The production of IL-1β is organized into two regulated phases: an initial priming period that involves de novo protein synthesis of the 31-kD protein pro–IL-1β, followed by the assembly and activation of a multiprotein complex, termed the inflammasome, which is responsible for the proteolytic maturation of pro–IL-1β into its 17-kD active form. In response to TLR4 activation, priming includes increases in the abundance of both pro–IL-1β and NLRP3 (NACHT, LRR, and PYD domain–containing protein 3, also known as Nalp3, Pypaf1, and cryopyrin), a regulatory component of the inflammasome (8, 9). Several events can then provide a secondary stimulus for the activation of NLRP3, including the ligation of the purinergic receptor P2X7, bacterial pore-forming toxin, and particulate matter (10). Treatment of primed cells with exogenous adenosine triphosphate (ATP) induces the cytosolic protein Asc [apoptosis-inducing speck-like protein containing a caspase recruitment domain (CARD)] to form large aggregates, roughly 2 μm in diameter, that act as nucleation sites for the assembly of the NLRP3 inflammasome through PYD (pyrin domain) interactions (11, 12). Procaspase-1 is then recruited to the inflammasome, where it is cleaved to form functional heterodimeric complexes of 10- and 20-kD subunits that can mediate IL-1β maturation (13).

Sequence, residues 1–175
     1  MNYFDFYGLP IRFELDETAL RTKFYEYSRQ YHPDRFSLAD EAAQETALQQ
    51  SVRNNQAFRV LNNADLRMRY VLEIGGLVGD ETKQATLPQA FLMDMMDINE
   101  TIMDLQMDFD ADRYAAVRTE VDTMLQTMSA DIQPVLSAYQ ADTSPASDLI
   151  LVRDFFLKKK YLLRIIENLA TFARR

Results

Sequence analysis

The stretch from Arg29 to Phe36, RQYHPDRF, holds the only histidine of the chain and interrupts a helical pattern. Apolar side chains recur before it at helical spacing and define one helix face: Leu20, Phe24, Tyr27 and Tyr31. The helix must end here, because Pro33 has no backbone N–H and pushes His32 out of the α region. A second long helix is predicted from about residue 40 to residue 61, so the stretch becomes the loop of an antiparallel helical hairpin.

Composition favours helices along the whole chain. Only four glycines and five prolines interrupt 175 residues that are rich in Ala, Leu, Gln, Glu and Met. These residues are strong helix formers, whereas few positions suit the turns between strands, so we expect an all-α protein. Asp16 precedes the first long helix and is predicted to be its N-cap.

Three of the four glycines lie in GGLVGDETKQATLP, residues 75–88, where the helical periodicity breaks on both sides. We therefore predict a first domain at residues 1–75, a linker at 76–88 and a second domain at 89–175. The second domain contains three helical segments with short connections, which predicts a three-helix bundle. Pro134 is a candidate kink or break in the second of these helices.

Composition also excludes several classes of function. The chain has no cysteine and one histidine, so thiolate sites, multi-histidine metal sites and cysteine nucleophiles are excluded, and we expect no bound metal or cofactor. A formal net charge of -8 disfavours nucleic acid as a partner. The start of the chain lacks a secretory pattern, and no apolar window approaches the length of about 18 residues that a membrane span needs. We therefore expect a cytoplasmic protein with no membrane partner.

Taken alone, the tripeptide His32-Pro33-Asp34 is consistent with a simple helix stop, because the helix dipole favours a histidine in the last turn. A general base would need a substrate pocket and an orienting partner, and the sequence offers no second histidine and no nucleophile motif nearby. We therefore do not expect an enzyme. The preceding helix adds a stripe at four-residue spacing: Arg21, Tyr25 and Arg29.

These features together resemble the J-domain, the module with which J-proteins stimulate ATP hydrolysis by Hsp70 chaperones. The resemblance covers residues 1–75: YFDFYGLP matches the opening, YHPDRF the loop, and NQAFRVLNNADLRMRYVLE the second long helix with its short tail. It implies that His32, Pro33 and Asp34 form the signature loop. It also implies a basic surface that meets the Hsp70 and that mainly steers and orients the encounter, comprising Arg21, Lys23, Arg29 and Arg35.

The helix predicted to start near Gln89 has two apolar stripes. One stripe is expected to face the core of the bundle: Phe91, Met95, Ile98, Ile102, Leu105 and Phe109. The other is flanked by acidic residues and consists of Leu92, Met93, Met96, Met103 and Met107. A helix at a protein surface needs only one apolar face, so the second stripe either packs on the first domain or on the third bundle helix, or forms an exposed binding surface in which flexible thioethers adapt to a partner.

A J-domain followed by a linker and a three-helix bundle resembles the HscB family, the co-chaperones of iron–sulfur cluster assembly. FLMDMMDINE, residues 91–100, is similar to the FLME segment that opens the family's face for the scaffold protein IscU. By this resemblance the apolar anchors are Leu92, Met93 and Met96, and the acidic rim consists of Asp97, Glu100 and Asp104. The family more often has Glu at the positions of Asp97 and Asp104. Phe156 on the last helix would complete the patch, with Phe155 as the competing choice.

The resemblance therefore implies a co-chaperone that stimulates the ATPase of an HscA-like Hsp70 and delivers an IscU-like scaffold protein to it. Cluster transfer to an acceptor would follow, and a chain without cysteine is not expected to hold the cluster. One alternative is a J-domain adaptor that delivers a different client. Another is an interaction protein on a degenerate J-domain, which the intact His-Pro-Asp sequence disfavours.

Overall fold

TLR4 signaling alone is sufficient for the production of substantial amounts of IL-1β (5), and although the amounts of IL-1β produced by this mechanism are lower than those in response to the addition of ATP, they may be relevant in situations of chronic inflammation. For example, DAMPs recognized by TLR4 are implicated in the pathogenesis of several inflammatory conditions, including diabetes, arthritis, systemic lupus erythematosus, septic shock, stroke, and myocardial infarct, as well as Alzheimer’s and Crohn’s diseases, each of which has been linked to aberrant production of IL-1β, activation of NLRP3, or both (1420). In addition, MLA prevents ischemic reperfusion injury if given before organ transplant or cardiac tissue manipulation in several animal models (2126), suggesting a possible mechanism whereby MLA exerts a protective effect in tissues by interfering with inflammasome assembly in response to TLR4 signaling or DAMPs. A more precise understanding of the means by which TLR4 signaling results in IL-1β maturation is needed for the development of targeted signaling therapies and to generate next-generation vaccine adjuvants that remain immunostimulatory with as little risk of adverse inflammatory effects as is possible.